"Religious Conservatorship Laws Outlawed" New Hope News (April 14, 1977)

 

Thelle, Notto R. "The Unification Church: A New Religion" Japanese Religions 9, No. 2 (July 1976).

 

"Victory: Stage One", New Hope News (April 1, 1977).

"Victory: Stage 2" New Hope News  (April 14, 1977).

3.      WESTERN SOURCES - INTERVIEWS

 

Matsuda, Haruo, interview by author, Barrytown, NY, June 5 1991.

 

Sudo, Ken, interview by author, Barrytown, N.Y., April 20 1991.

 

 

4.      JAPANESE SOURCES - BOOKS

 

 

Murakami, Shigeyoshi Japanese Religions in the Modern Century (Tokyo: University of Tokyo Press, 1980)

 

Ueno, Tadayoshi and Fukudo, Yukiyasu The Gulag in Japan: Religious Persecution by the Communist Party (Tokyo: Research Institute on Communism and Religious Issues, 1984).

 

 

 

5.      JAPANESE SOURCES - NEWSPAPER AND MAGAZINES

 

a.      INDEPENDENT SOURCES

 

"Concerning Spiritual Sales Method, UC is Sued by Two Women For its Systematic Illegal Business" Asahi Shinbun (May 7, 1988).

 

"Deceptive Persuasion At Joining" Yomiuri Shinbun (April 5, 1991)

 

"Japanese Bar Association Infers UC Behind the Inspiration Business; JBA Report of an Investigation of the Sales Network of the Inspiration Business Concludes its Research" Asahi Shinbun (May 19, 1988)

 

"Settlement In Spiritualist Sales Method Case at 14 Million Yen" Asahi Shinbun (March 2, 1989).

 

"The Investigation is Over on Restraining of UC Members" Asahi Shinbun (March 17, 1989).

 

Asahi Shinbun (April 18, 1989).

 

Asahi Shinbun (March 17, 1989).

 

"Today's Witch-Hunting", Zembo (January 1989).

 

b.      UC SOURCES

 

"A Beaten Man Sues Deprogramming Priest for Mayhem" Sekai Nippo (September 2, 1988)

 

"Forced Hospitalization is Illegal", Sekai Nippo (March 1, 1986)

Ueno, Tadayoshi Letter of Settlement written by Tadayoshi Ueno (UC Lawyer) and Satoshi Tano (Lawyer representing Koyodai Mental Hospital) October 13, 1986.

 

 

"Members of the UC Suing in Shizuoka" Sekai Nippo (October 27, 1988).

 

"Professor Asami Sued For Libel" Sekai Nippo (March 1, 1988).

 

"Reconciliation in the Inspiration Business Problem: The Plaintiffs and the UC Reach a Settlement" Sekai Nippo (May 22, 1988).

 

"Rev. Funada Admits to Deprogramming With Violence", Chuwa Shinbun (December 15, 1989)

 

"Rev. Funada Sued For Crime of Confinement: Denial of Charge Due to Laziness of Lawyer" Sekai Nippo (August 26, 1988).

 

"Special Committee for Kidnapping Cases" Watashi Wa Rachi-Kankin Sareta (Tokyo, Japan: Kogensha publishers, 1988).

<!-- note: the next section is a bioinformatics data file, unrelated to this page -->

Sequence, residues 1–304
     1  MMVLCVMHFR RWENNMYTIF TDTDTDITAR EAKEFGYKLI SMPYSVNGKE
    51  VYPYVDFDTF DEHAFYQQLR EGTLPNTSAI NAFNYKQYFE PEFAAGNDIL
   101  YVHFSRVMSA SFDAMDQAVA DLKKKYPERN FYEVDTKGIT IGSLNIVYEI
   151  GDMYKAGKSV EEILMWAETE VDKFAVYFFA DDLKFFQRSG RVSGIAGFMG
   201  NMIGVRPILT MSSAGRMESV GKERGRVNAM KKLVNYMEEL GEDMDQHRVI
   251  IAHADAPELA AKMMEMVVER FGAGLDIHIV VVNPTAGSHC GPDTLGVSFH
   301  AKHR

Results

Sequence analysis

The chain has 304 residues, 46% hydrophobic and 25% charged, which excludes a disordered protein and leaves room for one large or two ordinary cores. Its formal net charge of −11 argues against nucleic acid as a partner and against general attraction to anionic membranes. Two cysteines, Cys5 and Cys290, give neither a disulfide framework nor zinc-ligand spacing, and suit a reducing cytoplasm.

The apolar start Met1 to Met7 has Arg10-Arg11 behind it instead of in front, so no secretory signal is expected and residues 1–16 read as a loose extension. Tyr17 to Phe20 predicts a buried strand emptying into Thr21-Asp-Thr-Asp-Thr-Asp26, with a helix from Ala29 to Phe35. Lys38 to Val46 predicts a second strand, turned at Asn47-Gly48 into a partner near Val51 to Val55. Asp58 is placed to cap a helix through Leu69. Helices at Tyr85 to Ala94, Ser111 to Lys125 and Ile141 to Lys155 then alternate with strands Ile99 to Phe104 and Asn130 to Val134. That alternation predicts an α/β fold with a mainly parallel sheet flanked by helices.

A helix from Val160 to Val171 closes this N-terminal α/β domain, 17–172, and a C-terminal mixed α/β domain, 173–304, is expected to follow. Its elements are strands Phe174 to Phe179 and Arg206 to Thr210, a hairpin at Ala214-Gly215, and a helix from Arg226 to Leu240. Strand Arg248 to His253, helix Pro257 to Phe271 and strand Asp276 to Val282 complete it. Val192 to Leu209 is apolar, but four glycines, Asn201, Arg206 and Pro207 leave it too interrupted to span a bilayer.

Chuwa Shinbun (August, 1989).

 

Chuwa Shinbun (August, 1989).

 

Chuwa Shinbun (December, 1989).

 

Hirose, Akira Hantai Bokushi No Shinso (Revealed facts about the opposing Ministers), Tokyo: Committee of the Comparative Study of Religion, 1988.

 

Honma,  Hatsuko "My Testimony", Shintenchi Magazine 218, (Nov 15, 1988).

 

Institute for Theological Studies A Critique of Asami Sadao (Tokyo: Kogensha publishers, 1989).

 

Katorikku Shinbun (July 7, 1985).

 

Kirisuto Shinbun, (April 9, 1988).

 

Kobayashi, Akio "A Petition". Addressed to Dr. Kyung Seo Park, Executive Secretary Asia, World Council of Churches, (April 10, 1991).

 

Mamore Jinken Report (Jan 15, 1988).

 

Matsumoto, Michiko "The Road Rev. Nishikawa Followed." Faith and Life (Tokyo: HSA UWC, Kougensha, 1976)

 

Shintenchi (November 15, 1988)

 

Written report on Akemi Yamamoto's condition, Mr. Kusada, Director of UC legal department, Kansai Region, (October 6, 1986)

 

c.      INTERVIEWS

 

Oyamada, Hideo, interview by author, Tokyo, Japan, December 1990.

 

Watanabe, Katsuyoshi, interview by author, Tokyo, Japan, December 1990.

 

Yoshimura, Masahashi, interview by author, Tokyo, Japan, November 1989.

 

d.      CHRISTIAN SOURCES

 

"Consulted Cases Over 100", Kyodan Times (February 24, 1989)

 

"Diary of Ministry Counseling" Shuho (July 10, 1988) Weekly newsletter of Funada's Kyoto Seito Church, (Nihon Iesu Kirisuto Kyodan Kyoto Seito Kyokai)

 

"Learning The Reality of Rescue" Kyodan Times (June 4, 1988)

 

"Let the Issue Be Dealt With In the Context of Our Missionary Work" Kirisuto Shinbun (April 9th, 1988).

 

"Planning a Seminar on the Moonie Problem", Kyodan Times (May 7, 1988).

 

"Prevalent Damage" Kyodan Times (October 21, 1989)

 

"Rescuing of a Young UC Member" Kyodan Shimpo (November 13, 1986).

 

Kyodan Times (November 17, 1987)

 

"To the Congregation of the Osaka Parish" Osaka Parish News (April 23, 1988)

 

Fukuin Senkyo (May 1986), 53-58.

 

Hashimoto, Sanai "The People in Hokaido Concerned About the Secret Maneuvers of the Unification Movement" UCCJ of Hokido Newsletter (April 29, 1984)